I think the term is ‘gay friendly’ bars…. And, no, it wasn’t frustrating. I was there with friends to have a laugh, not to pull. I suppose my eye might have wandered but I never found it frustrating.
Can you remember the first time you met a guy and kissed him? What happened? were you nervous? how did the kiss feel?
It would have been when I was 20 or 21. I was in a bar and a guy just kissed me out of the blue, then walked off. I suppose I was in shock more than anything else. I guess, looking back now, the guy had some balls because I would never have dared to do that.
When you were with your girlfriends and later wife were you always loyal? Did you put gay thoughts out of your head?
I never cheated on anyone I was with. The stuff going on in my head just got pushed to one side, I guess.
When you came out come out, who was the hardest person to tell?
The hardest person I had to tell was my wife, because I knew how much it would hurt her. Telling my team mates was difficult because I’d built it up in my head that it would change everything. But actually, as soon as I actually said the words, I knew there had never been anything for me to worry about.
Your coming out was met with a lot of excitement – that must have made you feel over the moon after all these years of hiding.
I was just happy that I’d got it off my chest and I could move forward and I didn’t have to hide anything anymore. I suppose if it had gone unnoticed I would have been happy too.
You had a lot of celebrity support from he like so Antony Cotton and Ian McKellan, that must have been surreal.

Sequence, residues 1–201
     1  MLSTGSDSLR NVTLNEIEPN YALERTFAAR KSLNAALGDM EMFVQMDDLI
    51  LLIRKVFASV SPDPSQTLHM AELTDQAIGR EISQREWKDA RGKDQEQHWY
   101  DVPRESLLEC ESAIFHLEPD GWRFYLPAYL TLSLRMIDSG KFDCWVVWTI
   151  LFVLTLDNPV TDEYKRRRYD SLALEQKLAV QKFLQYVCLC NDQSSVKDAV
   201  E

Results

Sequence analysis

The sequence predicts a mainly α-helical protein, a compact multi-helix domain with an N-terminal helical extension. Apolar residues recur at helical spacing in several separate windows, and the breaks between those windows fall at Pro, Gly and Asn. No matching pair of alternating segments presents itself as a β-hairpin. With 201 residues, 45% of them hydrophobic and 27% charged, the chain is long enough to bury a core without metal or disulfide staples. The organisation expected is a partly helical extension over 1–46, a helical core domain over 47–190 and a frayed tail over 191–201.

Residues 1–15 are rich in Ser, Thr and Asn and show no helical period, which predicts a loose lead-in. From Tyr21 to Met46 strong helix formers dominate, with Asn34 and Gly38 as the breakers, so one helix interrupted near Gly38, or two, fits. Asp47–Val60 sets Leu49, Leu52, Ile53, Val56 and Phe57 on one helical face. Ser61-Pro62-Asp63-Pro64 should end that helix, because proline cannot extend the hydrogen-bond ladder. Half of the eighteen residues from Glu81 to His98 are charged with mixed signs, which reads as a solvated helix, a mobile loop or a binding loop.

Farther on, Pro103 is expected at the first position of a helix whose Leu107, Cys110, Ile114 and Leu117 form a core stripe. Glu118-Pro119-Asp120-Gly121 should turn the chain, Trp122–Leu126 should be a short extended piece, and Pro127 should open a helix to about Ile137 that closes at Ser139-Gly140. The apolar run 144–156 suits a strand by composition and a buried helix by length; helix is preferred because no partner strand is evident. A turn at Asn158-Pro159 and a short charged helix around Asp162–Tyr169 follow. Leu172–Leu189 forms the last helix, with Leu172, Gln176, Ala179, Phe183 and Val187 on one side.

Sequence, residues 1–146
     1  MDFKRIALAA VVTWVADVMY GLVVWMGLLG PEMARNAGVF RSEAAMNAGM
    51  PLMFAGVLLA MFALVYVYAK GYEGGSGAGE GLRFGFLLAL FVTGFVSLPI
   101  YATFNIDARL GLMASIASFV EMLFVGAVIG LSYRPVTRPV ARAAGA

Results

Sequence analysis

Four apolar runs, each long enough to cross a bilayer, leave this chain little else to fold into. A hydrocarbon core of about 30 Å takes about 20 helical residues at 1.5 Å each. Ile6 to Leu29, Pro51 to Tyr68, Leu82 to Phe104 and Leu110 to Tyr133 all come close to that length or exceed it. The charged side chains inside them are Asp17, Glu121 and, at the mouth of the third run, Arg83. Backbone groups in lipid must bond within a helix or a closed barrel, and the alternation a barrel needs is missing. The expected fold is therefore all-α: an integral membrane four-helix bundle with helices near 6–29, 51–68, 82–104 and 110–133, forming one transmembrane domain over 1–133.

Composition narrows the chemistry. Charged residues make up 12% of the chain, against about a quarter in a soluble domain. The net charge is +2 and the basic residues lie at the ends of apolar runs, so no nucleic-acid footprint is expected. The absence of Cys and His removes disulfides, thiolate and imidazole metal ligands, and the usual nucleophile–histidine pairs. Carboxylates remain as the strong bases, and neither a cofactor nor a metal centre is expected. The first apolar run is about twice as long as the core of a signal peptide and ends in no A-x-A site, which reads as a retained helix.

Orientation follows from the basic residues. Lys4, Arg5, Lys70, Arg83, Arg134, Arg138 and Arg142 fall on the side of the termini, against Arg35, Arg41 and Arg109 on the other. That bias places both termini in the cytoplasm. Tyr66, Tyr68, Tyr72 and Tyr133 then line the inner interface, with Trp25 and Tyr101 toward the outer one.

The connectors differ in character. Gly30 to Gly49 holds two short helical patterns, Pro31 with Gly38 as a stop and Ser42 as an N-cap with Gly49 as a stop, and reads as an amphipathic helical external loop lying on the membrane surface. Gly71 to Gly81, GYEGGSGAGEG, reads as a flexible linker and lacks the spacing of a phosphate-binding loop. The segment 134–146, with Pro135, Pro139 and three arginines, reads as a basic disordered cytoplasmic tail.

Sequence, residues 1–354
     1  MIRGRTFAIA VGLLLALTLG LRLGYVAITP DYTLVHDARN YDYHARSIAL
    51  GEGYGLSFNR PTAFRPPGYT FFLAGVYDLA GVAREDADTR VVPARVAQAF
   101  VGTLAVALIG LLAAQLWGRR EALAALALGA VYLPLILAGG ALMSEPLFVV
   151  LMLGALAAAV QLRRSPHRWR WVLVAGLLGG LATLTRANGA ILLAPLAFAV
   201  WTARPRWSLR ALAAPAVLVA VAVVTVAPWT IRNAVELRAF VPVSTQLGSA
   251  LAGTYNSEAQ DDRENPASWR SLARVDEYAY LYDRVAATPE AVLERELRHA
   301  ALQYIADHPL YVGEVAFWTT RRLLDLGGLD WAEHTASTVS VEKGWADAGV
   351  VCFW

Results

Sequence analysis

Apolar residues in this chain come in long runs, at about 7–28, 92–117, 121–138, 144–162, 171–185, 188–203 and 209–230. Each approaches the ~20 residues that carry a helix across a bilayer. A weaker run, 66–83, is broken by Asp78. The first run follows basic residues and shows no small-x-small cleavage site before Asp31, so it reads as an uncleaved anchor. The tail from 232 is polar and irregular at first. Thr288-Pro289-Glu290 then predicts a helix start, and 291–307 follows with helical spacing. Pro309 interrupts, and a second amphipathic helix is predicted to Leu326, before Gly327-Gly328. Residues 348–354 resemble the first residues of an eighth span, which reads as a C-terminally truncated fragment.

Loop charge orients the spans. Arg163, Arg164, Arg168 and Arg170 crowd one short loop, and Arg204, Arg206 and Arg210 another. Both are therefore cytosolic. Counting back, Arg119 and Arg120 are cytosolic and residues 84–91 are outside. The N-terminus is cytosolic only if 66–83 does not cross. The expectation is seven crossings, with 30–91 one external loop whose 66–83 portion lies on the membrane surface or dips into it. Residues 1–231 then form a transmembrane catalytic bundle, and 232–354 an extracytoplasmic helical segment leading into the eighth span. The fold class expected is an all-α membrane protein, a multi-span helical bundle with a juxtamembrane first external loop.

It’s been a bit mad, to be honest. Antony has been an absolute star. He’s helped me out no end and I honestly can’t thank him enough. The first time I met Ian we had dinner and I drove him and Antony home. It was all a bit surreal but Ian is a very down to earth, thoughtful man and he’s been fantastic too.
Do you understand how influential your coming out has been to young gay guys?
When the story first came out, I honestly didn’t realise the attention or the impact it would have. But I got lots of messages from people saying they could relate to my story, or that it helped them, or that it would have helped them if it had happened when they were younger. All the reaction has been positive apart from one guy, who wrote a letter. Steve, from Wigan. His spelling was atrocious!
We’ve had a few rugby players come out now. When do you think we’ll get footballers coming out?
When they’re ready to. I don’t think its fair to try and force it. A person, whoever they are, can only come out when they want to. They’ll feel the same as anybody else does before they come out. But if a regular guy has 100 people to come out to, to be possibly rejected by, footballers have 50,000 people who they feel may reject them. I think only when they’re totally comfortable with their situation will you get a footballer who publicly comes out.
With the likes of boxer Tyson Fury making homophobic comments must make it harder.
It’s sad in this day and age that people do have these view points but what Tyson has said highlights that there’s still a way to go with changing attitudes towards homophobia and sexism.
Well, thank God we have people like you and Tom Daley. Who was your celeb crush?
I guess when I was a bit younger I thought Taylor Lautner was a good looking guy.
Are you looking for the one or are you going to play the field for a while?
I’ve just come out of a long-term relationship but I suppose I’ll just see how things go.
Would you like to marry again one day? Do you want that family set up again?
I guess never say never but I’ve got my kids now who keep me pretty occupied. They’re only young and I’d like to concentrate on being a good Dad to them.
Do your children know yet?
My daughter does. She’s seven, so it’s not a huge talking point, but she’s aware. It doesn’t really affect the kids, so I don’t need to bang on about it to them. But yes, they’re aware. My son is too young to understand so I guess he’ll just grow up and not know any different.
What’s next? What’s coming up?
I’m in pre-season at the minute, so we’re doing a lot of training getting ready for the new season which starts at the beginning of February. People should try get up and watch and a game! Other than that life goes on as normal.
Follow Keegan on Twitter